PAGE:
Microsoft found itself in a tough spot this week as the European Commission announced that it would investigate the lack of a browser choice screen on PCs Windows 7 Service Pack 1. Microsoft responded by saying that a technical glitch prevented PCs from seeing the option screen, and offered to extend the compliance period. The company may still face sanctions, and now the European Commission has set its sights on Windows 8 for a similar issue.
Reuters reports that the European Commission is looking into Microsoft’s handling of third-party browsers in Windows 8. Microsoft only provides a limited set of APIs to vendors such as Mozilla and Google, preventing browsers offered by those companies from making full use of Windows 8 features. The same goes for Windows RT, where Microsoft will allow Internet Explorer to run on both Metro and the desktop interface, whereas third-party browsers will be restricted to Metro only.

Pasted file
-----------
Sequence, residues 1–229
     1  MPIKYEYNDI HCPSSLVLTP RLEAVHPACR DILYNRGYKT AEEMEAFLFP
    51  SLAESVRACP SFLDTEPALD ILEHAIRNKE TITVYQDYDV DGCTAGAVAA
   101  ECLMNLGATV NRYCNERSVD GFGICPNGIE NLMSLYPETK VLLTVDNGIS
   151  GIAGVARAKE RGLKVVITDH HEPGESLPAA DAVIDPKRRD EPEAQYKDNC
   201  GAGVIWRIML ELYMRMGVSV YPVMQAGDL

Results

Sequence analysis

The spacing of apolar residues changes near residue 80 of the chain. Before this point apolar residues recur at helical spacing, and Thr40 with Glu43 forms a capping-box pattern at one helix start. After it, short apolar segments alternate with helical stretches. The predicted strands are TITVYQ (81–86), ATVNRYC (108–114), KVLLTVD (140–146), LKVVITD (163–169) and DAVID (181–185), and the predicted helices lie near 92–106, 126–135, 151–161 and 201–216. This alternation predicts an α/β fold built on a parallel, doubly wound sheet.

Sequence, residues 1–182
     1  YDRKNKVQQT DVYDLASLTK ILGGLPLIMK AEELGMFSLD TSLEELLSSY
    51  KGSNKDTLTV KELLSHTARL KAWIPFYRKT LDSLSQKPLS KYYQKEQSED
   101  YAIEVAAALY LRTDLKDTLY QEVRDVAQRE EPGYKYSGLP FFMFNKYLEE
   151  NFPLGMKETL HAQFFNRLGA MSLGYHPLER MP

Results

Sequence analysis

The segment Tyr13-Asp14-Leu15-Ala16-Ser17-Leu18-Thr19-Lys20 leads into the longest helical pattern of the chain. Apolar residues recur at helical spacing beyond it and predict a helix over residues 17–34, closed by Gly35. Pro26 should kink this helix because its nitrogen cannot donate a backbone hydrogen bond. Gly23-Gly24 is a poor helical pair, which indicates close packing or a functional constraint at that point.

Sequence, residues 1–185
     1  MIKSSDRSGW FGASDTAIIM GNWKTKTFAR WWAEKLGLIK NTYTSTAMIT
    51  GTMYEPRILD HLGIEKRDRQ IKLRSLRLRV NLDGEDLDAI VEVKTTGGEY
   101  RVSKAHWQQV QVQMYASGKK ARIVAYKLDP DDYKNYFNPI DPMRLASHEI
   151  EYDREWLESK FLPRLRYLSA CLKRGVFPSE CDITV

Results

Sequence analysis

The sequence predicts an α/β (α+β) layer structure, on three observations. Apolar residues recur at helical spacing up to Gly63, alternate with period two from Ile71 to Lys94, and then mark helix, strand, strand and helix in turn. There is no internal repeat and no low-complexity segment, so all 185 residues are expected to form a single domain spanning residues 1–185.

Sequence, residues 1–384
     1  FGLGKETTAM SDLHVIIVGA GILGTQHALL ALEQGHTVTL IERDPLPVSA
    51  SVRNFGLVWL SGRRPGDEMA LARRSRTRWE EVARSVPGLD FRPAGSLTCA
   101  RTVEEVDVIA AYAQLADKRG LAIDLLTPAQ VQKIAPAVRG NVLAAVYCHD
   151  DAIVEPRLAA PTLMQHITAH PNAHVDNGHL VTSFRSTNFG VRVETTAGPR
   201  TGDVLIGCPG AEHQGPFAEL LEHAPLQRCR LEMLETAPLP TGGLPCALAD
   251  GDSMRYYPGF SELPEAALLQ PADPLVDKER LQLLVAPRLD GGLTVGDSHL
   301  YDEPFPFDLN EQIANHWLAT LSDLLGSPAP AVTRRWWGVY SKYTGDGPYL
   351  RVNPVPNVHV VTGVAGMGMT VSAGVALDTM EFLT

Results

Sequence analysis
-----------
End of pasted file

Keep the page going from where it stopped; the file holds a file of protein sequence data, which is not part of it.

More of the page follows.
The European Commission isn’t the only organization looking into the issue. Back in May, the US Senate Committee said it intended to look into the browser issue surrounding Windows RT, but that it had no plans to launch a formal antitrust investigation. The announcement followed complaints from Mozilla that the browser plans for Windows RT were anticompetitive, saying that certain APIs were restricted on ARM chips to just Internet Explorer.